Of these works, my personal favorite has to be the  mural featuring Henry Rollins, Joe Strummer, Ian MacKaye, Joey Ramone, Glen Danzig and Johnny Rotten, located on the wall of the now defunct rock club The Fastlane (U2, Black Flag and plenty more played there through the ’80s), in close proximity to the alive and well Absury Lanes.

Well didn’t my little punk rock heart just swell with emotion when that one went up! Finally, people of counter-cultural significance were being honored in homage. And not in some obscure fanzine or out-of-touch slick magazine feature, but twenty feet tall in portrait right by my favorite punk rock club!

Punk Rock N’ Roll Hall Of Fame

Before I conclude, I want to discuss the importance of Fairey’s work. What he creates is obviously compelling for aesthetic reasons.  He is of that breed of artist whose work is both widely appealing and part of popular culture, while simultaneously indicting of that very same culture.  It’s a very fine line that he walks, and not only is Fairey well aware of that fact, he is deliberate about this juxtaposition.

The most common criticism of  Shepard from detractors is that his work is not original; that he simply repackages concepts and images under his brand.  Take Shepard’s initial culture-altering project, his plastering of the reinvented image of wrestling icon Andre the Giant on urban walls all over the world.  I can remember years and years ago getting out of my car in Brooklyn under the Brooklyn Queens Expressway, and seeing that poster everywhere.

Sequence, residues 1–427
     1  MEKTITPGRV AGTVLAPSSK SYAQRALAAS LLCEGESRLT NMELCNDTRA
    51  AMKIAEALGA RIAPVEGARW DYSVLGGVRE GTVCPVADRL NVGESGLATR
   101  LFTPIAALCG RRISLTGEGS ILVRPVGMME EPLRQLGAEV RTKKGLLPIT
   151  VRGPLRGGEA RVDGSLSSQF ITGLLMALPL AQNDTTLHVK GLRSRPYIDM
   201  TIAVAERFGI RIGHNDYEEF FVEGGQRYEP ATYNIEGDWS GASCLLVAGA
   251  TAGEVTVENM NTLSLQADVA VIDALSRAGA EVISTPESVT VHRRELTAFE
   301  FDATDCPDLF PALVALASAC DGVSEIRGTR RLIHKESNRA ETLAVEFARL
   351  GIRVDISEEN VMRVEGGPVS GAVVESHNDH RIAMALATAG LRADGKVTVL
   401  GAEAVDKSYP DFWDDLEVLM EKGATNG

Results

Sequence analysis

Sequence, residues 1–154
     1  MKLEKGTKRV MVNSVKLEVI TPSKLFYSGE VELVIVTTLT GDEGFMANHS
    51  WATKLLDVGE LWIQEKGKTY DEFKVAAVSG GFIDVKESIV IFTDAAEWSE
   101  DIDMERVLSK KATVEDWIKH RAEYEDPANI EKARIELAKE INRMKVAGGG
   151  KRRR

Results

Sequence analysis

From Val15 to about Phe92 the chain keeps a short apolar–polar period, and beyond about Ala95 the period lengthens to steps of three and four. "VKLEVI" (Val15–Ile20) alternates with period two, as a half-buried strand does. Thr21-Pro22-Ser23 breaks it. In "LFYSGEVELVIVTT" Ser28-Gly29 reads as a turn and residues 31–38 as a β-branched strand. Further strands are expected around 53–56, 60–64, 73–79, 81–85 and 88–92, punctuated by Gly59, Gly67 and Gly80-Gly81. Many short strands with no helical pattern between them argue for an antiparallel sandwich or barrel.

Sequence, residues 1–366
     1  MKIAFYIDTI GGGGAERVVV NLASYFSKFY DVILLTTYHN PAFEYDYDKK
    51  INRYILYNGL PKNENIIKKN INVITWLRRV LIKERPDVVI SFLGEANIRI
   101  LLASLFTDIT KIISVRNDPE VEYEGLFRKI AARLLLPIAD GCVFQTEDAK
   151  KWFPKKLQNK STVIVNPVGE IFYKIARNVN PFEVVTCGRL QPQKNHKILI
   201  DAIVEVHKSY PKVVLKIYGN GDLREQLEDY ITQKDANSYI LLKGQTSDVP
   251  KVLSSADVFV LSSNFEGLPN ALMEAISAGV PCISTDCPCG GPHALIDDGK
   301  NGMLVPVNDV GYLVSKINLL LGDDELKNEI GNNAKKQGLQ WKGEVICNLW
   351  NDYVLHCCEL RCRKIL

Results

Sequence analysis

A lot of us remember that image becoming, through sheer repetition, a part of our dialogue. “Have you seen that weird Andre the Giant poster everywhere?” “Yeah, some guy’s been putting them up all over, apparently.”  In nothing less that an extremely intelligent and well thought out manipulation, Fairey turned consumer culture on its’ head, along with the rules we all assumed went with it.

Essentially, he worked it out backwards. He made the icon and then the brand followed. Fairey twisted what the last fifty years of Western consumption taught us and bent it back on itself.

If there’s an icon, there must be a brand, right? And the more ubiquitous the icon, the more established the brand, the logic goes. Fairey rearranged the math, worked out a new equation. And his theorem proofed. Andy Warhol himself would have been very impressed. And the joke continues, above the brim of every Obey cap and the front of every graphic Obey T-Shirt. He’s a very clever boy, that Shepard Fairey.

From Fairey’s Exhibit, Revolutions. An Incredible Part of ATP AP 2011.

As far as post-modern art goes, his work is arguably among the most recognized in the world. Years after establishing his brand and his place as an artist in his own right, he continues to use what he creates to reinforce punk rock values like giving voice to the oppressed, questioning the mechanics of production and consumption, and creating your own reality in a world where so much of what we do, think, and feel, where so much of who we are is ready to be supplied to us by interests that are not our own.

Thanks for visiting our little city, Mr. Fairey, and leaving it more beautiful then it was when you found it.  We really dug having you come through.



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  • Bob J

    Good stuff Angie…well done.

    • Asugrimic

      Thanks! 🙂

  • Tim Merrick

    Great piece Angie, enjoyed it and will link from the blog tonight.

  • Chris Suarez

    Hey man my name is Chris and i am working for something called Road Trip Nation. Road trip nation is a group of people that help you find what path you would like to take in life. And in order for that we need to interview are major Heroes. Mine being Shepard Fairey, I was wondering if you would be able to help me contact him or give me some advice on how would be the best way on doing so. So if its not to much to ask can you pleas contact me my email is [email protected]. Thank you and i appreciate you reading thing and appreciate anytime you take to write back to me if you do.